By: Mark Glennon*
Boy, do I get emails here. A regular one in particular makes me squirm. It’s not any of the insults like “vulture capitalist” or “pension thief.” Those are fine. Have at it.
It’s when I’m asked by Illinoisans, usually young ones, whether they should leave. I’m uncomfortable playing career planner, especially when financial interests have to be balanced against personal issues like leaving one’s home and family. Most importantly, there’s no single answer. But I can’t escape the question, especially when asked what I am doing.
Let’s take the economic self-interest matter first since that’s most important for young people raising a family. Some readers seem worried our fiscal mess could spark a kind of sudden, systemic failure — something like we faced in 2008. No, I’m comfortable saying that’s not a risk (though national and international risk on that is another topic). Banks won’t close or anything like that and there won’t be one big “pop.”
It’s the risk of slow death we face, and the pain will worsen in the near term. Some sectors will thrive even as the crisis deepens. Tech, most parts of finance and many other white collar service sectors now performing well probably will remain insulated. Some are benefiting from lower costs driven by out-migration. Aside from those, there are no safe generalizations to make.
Owning a home or other real estate is a bad proposition in all but a few places in Illinois, in my honest opinion. Suicidal property taxes have already obliterated dozens of Illinois communities, and that list will grow. They can be rehabilitated only in bankruptcy, which is off the table as long as the General Assembly stays blindfolded about authorizing that. Parts of Chicago and some select communities, mostly prosperous ones, have held up quite well and continue to appreciate. Maybe their gains will extend as buyers become even more cautious about avoiding all but the most stable areas, but nobody really knows.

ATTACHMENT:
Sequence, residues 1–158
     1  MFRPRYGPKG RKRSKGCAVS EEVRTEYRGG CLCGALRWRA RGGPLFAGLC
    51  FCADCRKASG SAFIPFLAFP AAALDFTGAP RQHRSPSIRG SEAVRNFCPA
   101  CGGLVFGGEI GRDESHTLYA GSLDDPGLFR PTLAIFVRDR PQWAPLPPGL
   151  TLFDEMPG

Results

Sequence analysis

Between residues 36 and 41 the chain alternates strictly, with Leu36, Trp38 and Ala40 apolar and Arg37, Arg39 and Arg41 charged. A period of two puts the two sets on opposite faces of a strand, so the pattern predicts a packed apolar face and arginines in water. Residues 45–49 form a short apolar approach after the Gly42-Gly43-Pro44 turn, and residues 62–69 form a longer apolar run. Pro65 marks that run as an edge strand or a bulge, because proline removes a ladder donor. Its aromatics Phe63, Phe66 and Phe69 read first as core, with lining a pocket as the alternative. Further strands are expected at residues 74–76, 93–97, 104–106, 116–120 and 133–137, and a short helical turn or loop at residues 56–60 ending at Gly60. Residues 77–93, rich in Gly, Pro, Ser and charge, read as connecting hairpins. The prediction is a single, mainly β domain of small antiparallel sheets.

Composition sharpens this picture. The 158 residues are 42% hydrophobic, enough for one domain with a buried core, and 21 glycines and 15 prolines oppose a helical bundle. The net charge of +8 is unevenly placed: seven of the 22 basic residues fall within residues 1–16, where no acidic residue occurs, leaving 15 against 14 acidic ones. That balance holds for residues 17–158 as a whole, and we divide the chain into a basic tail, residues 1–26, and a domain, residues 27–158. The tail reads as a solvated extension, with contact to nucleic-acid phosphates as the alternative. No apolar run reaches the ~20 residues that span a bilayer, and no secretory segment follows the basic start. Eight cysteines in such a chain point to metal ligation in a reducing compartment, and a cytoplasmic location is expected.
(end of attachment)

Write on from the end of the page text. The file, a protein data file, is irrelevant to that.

For my part, I’m betting we’ll turn it around but it will take another six or seven years, with much more hardship between then and now. My youngest child graduates from high school about then. If we haven’t revolutionized how we do things by then, there’s no way I would stick around to pay the pensions and other bills run up on us — immorally, in my view.
That’s also about when Rauner will complete his second term. Whether you like his approach or not, his is the only viable alternative. Either he will succeed or Illinois will fail with him.
“Fight or Flight” was the theme of a short stump speech I heard last week from a new candidate for state rep, Jessica Tucker. For those of us who don’t need to make early career financial issues our main concern, that’s the alternative we should accept. Tucker is choosing to fight, as are many others. Comptroller Leslie Munger is another. I got to know her when she first decided to run for office. She was heartbroken to have seen her son leave for better job opportunities elsewhere, and she decided to do something about it.
This is not a vain crusade for principle. Not tilting at windmills. If there’s anything I learned in years as an investor, it’s to cut and run fast on lost causes. I wouldn’t be spending most of my time on this and other unpaid work if I thought Illinois’ political establishment is unbeatable.
Flee if you must, but if you stay, accept Tucker’s alternative as the only one. Fight in whatever way you can. The Illinois political establishment must be destroyed.
*Mark Glennon is founder of WirePoints. Opinions expressed are his own.